The Air Resources Board (Board or ARB) will conduct a public hearing at the time and place noted below to consider amendments to its exhaust emission regulations for light- and medium-duty vehicles. These amendments will modify the Low-Emission Vehicle II (LEV II) regulations to establish particulate standards for gasoline vehicles, more stringent emission standards for fuel-fired heaters used in zero-emission vehicles, and make various other changes.

DATE:   November 15, 2001
TIME:   9:00 a.m.
PLACE:   Air Resources Board
    Auditorium, Second Floor
    1001 "I" Street
    Sacramento, CA 95814

This item will be considered at a two-day meeting of the ARB, which will commence at 9:00 a.m., November 15, 2001, and may continue at 8:30 a.m., November 16, 2001. This item may not be considered until November 16, 2001. Please consult the agenda for the meeting, which will be available at least 10 days before November 15, 2001, to determine the day on which this item will be considered.

This facility is accessible to persons with disabilities. If accommodation is needed, please contact the Clerk of the Board at (916) 322-5594, or Telephone Device for the Deaf (TDD) (916) 324-9531 or (800) 700-8326 for TDD calls from outside the Sacramento area, by November 1, 2001, to ensure accommodation.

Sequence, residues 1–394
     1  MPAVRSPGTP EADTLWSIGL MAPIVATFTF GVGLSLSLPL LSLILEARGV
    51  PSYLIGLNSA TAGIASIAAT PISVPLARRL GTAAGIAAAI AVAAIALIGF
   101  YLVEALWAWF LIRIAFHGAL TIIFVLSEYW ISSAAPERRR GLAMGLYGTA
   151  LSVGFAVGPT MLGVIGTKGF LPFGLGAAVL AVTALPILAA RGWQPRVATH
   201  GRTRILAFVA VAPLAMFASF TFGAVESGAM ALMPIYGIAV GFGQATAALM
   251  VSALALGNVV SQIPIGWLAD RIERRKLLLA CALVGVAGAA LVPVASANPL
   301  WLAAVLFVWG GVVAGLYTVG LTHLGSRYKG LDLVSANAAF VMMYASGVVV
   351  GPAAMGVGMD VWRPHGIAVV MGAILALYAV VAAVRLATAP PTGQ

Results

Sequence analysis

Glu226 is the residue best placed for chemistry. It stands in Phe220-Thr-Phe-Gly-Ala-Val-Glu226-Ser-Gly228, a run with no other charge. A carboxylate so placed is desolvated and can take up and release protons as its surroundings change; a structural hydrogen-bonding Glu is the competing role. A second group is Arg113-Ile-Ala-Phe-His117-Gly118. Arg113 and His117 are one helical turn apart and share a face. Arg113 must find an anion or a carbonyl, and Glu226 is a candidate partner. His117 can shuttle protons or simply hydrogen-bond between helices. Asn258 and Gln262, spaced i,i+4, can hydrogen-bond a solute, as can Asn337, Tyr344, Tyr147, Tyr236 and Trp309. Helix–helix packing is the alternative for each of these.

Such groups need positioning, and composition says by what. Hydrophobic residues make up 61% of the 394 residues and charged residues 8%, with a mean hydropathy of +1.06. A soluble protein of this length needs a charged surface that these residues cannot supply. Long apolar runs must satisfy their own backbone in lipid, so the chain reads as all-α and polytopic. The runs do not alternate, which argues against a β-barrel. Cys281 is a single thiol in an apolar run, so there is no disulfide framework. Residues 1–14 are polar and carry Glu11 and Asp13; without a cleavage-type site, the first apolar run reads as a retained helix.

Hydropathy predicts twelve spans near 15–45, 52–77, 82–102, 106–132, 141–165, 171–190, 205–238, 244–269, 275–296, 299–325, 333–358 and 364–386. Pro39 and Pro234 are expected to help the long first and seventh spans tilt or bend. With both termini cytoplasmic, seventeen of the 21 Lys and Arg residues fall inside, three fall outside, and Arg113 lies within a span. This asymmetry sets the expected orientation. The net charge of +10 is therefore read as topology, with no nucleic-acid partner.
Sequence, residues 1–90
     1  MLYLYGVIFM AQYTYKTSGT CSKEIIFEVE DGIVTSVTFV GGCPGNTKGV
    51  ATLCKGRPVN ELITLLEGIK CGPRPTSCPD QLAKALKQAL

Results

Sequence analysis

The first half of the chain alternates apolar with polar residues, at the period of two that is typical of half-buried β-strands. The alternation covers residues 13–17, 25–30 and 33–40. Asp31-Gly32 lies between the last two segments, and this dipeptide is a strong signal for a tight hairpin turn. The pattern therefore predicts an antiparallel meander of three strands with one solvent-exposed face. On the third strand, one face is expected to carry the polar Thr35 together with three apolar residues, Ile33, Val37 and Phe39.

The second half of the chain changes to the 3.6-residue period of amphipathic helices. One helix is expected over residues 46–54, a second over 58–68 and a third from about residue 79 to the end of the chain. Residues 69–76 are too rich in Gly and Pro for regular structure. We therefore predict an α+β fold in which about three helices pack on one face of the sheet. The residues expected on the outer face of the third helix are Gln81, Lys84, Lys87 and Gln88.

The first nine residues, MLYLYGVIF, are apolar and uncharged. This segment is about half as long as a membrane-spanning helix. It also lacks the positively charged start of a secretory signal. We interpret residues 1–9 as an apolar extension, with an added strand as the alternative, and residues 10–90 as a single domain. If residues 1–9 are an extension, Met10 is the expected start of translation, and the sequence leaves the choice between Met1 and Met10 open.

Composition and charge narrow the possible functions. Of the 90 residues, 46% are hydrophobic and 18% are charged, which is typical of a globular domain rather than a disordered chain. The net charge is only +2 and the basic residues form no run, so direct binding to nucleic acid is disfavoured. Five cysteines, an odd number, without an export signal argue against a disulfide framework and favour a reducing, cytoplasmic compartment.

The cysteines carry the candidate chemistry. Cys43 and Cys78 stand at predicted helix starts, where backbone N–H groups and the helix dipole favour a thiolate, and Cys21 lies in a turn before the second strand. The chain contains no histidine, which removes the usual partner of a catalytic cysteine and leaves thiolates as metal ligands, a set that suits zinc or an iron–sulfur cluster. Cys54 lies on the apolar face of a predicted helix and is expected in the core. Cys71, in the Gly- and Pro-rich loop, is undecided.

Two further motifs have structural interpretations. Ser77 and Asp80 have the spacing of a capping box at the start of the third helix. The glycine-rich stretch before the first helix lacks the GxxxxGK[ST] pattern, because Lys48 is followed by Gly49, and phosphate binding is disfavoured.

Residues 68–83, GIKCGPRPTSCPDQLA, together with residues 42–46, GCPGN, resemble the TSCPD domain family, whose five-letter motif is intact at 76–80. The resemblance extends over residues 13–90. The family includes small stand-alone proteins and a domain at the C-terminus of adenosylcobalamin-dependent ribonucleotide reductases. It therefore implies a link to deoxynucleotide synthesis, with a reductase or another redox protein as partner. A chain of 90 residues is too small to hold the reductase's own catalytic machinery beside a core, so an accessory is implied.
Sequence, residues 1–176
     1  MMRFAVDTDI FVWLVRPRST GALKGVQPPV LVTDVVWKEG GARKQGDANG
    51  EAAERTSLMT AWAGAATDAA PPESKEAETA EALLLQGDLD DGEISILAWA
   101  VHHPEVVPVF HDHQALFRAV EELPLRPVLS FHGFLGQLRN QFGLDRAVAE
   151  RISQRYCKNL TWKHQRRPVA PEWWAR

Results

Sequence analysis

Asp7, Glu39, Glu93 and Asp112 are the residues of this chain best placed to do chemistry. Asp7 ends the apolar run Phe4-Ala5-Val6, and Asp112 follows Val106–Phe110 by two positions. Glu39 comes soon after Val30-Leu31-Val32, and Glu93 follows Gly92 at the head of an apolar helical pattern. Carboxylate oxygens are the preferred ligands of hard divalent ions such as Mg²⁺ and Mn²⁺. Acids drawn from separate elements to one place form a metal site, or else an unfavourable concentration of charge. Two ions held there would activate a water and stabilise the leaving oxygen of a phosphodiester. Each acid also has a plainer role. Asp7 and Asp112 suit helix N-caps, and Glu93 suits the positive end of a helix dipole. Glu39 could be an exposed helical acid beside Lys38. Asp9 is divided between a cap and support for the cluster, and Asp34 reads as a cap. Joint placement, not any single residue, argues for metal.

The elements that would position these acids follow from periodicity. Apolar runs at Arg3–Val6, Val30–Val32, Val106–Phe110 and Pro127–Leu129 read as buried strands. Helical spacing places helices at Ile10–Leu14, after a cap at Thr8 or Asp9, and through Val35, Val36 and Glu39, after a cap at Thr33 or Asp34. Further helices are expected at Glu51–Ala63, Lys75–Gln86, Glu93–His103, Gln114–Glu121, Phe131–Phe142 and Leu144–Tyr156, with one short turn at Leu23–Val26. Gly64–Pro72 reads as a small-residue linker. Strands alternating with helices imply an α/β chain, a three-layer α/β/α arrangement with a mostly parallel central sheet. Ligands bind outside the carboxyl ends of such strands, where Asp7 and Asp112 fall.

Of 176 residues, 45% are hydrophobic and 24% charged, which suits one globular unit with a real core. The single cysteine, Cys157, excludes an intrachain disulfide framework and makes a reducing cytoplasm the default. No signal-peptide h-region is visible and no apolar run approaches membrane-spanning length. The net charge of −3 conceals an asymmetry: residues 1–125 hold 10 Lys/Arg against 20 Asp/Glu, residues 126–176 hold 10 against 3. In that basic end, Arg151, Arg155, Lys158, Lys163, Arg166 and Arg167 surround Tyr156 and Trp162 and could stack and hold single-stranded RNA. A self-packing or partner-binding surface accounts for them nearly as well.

Sections Affected: Amendments to title 13, California Code of Regulations (CCR), sections 1960.1 and 1961, and the incorporated "California Exhaust Emission Standards and Test Procedures for 2001 and Subsequent Model Passenger Cars, Light-Duty Trucks, and Medium-Duty Vehicles" as last amended December 27, 2000, and "California Non-Methane Organic Gas Test Procedures" as last amended August 5, 1999; section 1960.5 and the incorporated "Guidelines for Certification of 1983 and Subsequent Model-Year Federally Certified Light-Duty Motor Vehicles for Sale in California" as last amended July 12, 1991; and section 1962 and the incorporated "California Exhaust Emission Standards and Test Procedures for 2003 and Subsequent Model Zero-Emission Vehicles, and 2001 and Subsequent Model Hybrid Electric Vehicles, in the Passenger Car, Light-Duty Truck and Medium-Duty Vehicle Classes" as last amended August 5, 1999. Adoption of the new "Guidelines for Certification of 2003 and Subsequent Model-Year Federally Certified Light-Duty Motor Vehicles for Sale in California," to be incorporated in section 1960.5.